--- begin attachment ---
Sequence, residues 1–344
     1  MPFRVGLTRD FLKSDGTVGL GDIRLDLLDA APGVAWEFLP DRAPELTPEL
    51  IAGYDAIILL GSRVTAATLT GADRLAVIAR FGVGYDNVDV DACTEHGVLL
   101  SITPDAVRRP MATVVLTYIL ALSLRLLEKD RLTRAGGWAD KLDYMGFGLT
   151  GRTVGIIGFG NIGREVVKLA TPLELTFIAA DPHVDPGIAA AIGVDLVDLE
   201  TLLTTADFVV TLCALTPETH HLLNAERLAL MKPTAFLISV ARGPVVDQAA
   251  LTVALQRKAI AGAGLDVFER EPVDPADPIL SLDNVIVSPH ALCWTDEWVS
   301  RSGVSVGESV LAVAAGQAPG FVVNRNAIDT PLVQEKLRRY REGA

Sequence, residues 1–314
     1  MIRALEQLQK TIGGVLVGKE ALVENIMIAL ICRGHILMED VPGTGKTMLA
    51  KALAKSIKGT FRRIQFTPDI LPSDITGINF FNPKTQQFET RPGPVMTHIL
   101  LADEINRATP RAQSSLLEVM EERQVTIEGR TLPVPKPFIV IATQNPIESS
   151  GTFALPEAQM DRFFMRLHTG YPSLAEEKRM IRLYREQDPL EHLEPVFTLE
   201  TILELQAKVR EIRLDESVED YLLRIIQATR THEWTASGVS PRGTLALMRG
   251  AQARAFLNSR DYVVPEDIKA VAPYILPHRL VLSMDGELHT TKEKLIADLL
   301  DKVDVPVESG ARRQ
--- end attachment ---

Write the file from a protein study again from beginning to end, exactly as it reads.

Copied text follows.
Sequence, residues 1–344
     1  MPFRVGLTRD FLKSDGTVGL GDIRLDLLDA APGVAWEFLP DRAPELTPEL
    51  IAGYDAIILL GSRVTAATLT GADRLAVIAR FGVGYDNVDV DACTEHGVLL
   101  SITPDAVRRP MATVVLTYIL ALSLRLLEKD RLTRAGGWAD KLDYMGFGLT
   151  GRTVGIIGFG NIGREVVKLA TPLELTFIAA DPHVDPGIAA AIGVDLVDLE
   201  TLLTTADFVV TLCALTPETH HLLNAERLAL MKPTAFLISV ARGPVVDQAA
   251  LTVALQRKAI AGAGLDVFER EPVDPADPIL SLDNVIVSPH ALCWTDEWVS
   301  RSGVSVGESV LAVAAGQAPG FVVNRNAIDT PLVQEKLRRY REGA

Sequence, residues 1–314
     1  MIRALEQLQK TIGGVLVGKE ALVENIMIAL ICRGHILMED VPGTGKTMLA
    51  KALAKSIKGT FRRIQFTPDI LPSDITGINF FNPKTQQFET RPGPVMTHIL
   101  LADEINRATP RAQSSLLEVM EERQVTIEGR TLPVPKPFIV IATQNPIESS
   151  GTFALPEAQM DRFFMRLHTG YPSLAEEKRM IRLYREQDPL EHLEPVFTLE
   201  TILELQAKVR EIRLDESVED YLLRIIQATR THEWTASGVS PRGTLALMRG
   251  AQARAFLNSR DYVVPEDIKA VAPYILPHRL VLSMDGELHT TKEKLIADLL
   301  DKVDVPVESG ARRQ